Crypto Regulations | December 2, 2022

November 2022 Update on Crypto Regulatory Affairs

by the Crystal compliance team

Chairman of Commodity Futures Trading Commission: Bitcoin is a commodity; what about Ethereum?

What makes Bitcoin (BTC) a commodity as opposed to Ethereum (ETH), which is considered a security, and what does the Commodity Futures Trading Commission (CFTC) chairman Rostin Behnam say about it? Following the collapse of FTX globally and the provisional liquidation of FTX Digital Markets Ltd., the FBI and the SCB launched investigations into criminal misconduct. At the same time, Japan is preparing an amendment to enforce the FATF travel rule on crypto by April or May 2023. Read on and find out in detail.

On October 24, 2022, in a public speech relating to the crypto market, the Commodity Futures Trading Commission (CFTC) chairman Rostin Behnam reiterated that Bitcoin (BTC) and Ethereum (ETH) are commodities, not securities. According to Behnam, Ethereum’s transition to Proof-of-Stake does not make it a security.

This statement comes as a complete turn-around from his last position on the matter. During an invite-only crypto event at Princeton University he claimed that Bitcoin was the only crypto asset that can be viewed as a commodity, and implied that Ethereum was not a commodity despite being considered as such.

The CFTC chairman and Gary Gensler, chairman of the Securities and Exchange Commission (SEC), are on the same opinion now. On May 18, 2022, Gensler also agreed with the notion of Bitcoin being a commodity but considered ETH and similar proof-of-stake consensus cryptocurrencies to be labeled securities.

Benham Rostin also asked authorities to classify all cryptocurrencies into securities and commodities. He suggested that the SEC and the CFTC should have the authority to handle the different classifications of tokens.

FTX comes under criminal investigation

On November 10, 2022, the Securities Commission of the Bahamas (SCB) took action to freeze assets of FTX Digital Markets (FTX) and related parties.

The SCB suspended the registration and applied to the Supreme Court of the Bahamas for the appointment of a provisional liquidator of FTX.

Following the collapse of FTX globally and the provisional liquidation of FTX, the Financial Crimes Investigation Branch and the SCB launched investigations into criminal misconduct.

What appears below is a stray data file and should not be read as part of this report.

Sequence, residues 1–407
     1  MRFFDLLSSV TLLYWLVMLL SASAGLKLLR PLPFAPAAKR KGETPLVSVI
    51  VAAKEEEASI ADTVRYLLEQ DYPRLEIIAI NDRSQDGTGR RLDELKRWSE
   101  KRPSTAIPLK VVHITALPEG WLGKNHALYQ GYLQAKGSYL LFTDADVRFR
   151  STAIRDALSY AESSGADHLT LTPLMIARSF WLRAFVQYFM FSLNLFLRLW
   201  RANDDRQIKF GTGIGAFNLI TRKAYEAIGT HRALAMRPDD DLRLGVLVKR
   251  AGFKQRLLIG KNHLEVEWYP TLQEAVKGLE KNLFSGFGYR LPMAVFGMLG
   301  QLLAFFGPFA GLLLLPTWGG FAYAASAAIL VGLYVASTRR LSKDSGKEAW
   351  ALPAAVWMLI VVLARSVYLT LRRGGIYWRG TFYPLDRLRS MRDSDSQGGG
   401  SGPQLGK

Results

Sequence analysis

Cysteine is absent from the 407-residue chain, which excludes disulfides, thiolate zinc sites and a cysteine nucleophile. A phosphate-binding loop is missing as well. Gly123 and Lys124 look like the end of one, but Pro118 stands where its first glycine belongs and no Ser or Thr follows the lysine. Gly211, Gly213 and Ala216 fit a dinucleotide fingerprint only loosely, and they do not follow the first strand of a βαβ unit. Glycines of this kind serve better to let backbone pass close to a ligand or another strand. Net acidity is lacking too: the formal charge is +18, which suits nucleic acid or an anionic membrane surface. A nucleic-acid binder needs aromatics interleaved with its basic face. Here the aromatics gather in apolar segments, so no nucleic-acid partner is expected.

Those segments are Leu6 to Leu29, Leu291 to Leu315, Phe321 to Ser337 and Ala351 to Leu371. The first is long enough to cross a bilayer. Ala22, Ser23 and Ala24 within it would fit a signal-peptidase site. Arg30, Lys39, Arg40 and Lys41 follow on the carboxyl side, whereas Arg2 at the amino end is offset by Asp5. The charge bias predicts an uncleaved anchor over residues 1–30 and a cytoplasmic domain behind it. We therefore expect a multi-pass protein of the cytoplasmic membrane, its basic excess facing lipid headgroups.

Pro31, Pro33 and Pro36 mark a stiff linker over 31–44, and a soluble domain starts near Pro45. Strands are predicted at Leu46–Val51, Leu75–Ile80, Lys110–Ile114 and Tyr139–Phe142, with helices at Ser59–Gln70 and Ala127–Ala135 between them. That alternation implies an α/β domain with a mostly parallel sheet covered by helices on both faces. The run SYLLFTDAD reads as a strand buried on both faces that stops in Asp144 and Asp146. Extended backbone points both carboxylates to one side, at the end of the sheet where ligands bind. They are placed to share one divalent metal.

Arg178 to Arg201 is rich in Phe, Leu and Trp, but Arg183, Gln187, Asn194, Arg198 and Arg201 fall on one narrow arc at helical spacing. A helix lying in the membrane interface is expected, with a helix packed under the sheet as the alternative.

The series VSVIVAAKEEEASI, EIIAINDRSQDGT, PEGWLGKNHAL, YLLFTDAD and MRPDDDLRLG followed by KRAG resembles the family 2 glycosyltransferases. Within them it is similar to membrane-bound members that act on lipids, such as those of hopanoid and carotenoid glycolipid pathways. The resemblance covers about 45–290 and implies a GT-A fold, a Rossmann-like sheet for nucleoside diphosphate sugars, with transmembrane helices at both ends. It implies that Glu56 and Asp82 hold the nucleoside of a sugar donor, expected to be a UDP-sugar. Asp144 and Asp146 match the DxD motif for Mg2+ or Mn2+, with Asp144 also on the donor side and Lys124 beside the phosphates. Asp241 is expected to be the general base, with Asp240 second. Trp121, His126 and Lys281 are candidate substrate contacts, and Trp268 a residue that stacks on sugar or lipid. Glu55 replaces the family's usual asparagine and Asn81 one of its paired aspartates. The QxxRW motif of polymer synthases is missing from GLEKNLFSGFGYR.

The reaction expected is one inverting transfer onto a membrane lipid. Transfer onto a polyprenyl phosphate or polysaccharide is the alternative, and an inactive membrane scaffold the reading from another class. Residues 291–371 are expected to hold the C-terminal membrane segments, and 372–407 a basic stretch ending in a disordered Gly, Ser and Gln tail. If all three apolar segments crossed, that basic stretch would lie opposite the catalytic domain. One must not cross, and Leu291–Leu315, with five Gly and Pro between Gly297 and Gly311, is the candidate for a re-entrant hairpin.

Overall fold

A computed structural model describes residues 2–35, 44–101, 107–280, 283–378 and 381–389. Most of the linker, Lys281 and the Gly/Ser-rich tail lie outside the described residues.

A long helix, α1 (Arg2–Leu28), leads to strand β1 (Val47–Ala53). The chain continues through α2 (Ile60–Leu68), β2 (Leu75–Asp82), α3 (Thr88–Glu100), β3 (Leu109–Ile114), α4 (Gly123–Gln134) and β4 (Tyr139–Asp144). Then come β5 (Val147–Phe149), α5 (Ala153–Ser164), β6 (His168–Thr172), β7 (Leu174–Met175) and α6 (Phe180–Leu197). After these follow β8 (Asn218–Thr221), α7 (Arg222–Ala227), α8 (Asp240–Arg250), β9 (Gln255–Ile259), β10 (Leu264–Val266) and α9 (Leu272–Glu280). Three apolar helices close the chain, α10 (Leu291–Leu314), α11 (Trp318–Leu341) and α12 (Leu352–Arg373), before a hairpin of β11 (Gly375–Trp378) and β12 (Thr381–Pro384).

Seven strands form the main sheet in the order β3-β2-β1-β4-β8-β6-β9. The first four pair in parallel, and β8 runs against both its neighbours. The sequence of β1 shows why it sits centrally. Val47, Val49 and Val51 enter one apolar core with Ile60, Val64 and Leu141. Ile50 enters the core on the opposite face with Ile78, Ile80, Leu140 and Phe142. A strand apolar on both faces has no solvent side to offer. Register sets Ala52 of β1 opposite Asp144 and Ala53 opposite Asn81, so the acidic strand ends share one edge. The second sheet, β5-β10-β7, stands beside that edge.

On November 11, 2022, roughly 130 companies in the FTX Group — including FTX Trading, FTX US (going under the name ‘West Realm Shires Services’), and Alameda Research — started proceedings to file for bankruptcy in the United States.

The Securities and Exchange Commission (SEC) and the Department of Justice (DOJ) have also started investigating the cryptocurrency platform FTX following its sudden implosion. The SEC’s investigation, which has been ongoing for months, is focused on the company’s U.S. subsidiary, FTX.US, which lists dozens of crypto tokens.

SEC officials believe some of these assets, as well as FTX’s lending product, might constitute securities which, under U.S. law, should have been registered with the SEC before being sold to investors. If that is the case, then the company’s handling of customer assets might also violate laws governing U.S. exchanges. As part of the expanded investigation, SEC officials have requested that lawyers representing FTX provide further documents detailing the relationship between FTX US and the parent company, which is based in the Caribbean.

Japan updates its legislation enforcing FATF Travel Rule

The Japanese government announced plans to introduce new rules to mitigate money laundering through crypto in line with the travel rule recommendation for crypto industry made by the Financial Action Task Force (FATF). Japan is preparing an amendment to enforce the FATF travel rule on crypto by April or May 2023, when the revision of the Act on Prevention of Transfer of Criminal Proceeds will come into effect.

The Financial Action Task Force (FATF), an international organization that examines anti-money laundering measures has suggested jurisdictions worldwide introduce the cryptocurrency “travel rule,” which requires digital asset firms to share and screen customer data for transfers above a certain threshold.

On October 14, 2022, the Japanese government passed a Cabinet decision to revise six laws related to the Foreign Exchange Act to prevent money laundering. Crypto exchanges will be obligated to confirm information such as the user’s name and notify the information between them.

Following the recent amendments, penalties for crimes related to money laundering are expected to increase, and the authorities will be able to freeze the assets of organizations and individuals designated by the United Nations as being involved in the proliferation of weapons of mass destruction.

The revised bill is scheduled to be submitted to the National Legislature of Japan.

In addition, the Foreign Exchange, Foreign Trade Act, and the International Terrorist Asset-Freezing Act, which relate to money laundering, will be revised to add stablecoins to the list of regulated assets in May 2023, preventing their transfer to sanctioned parties such as Russia, and from sanctioned parties to third parties.

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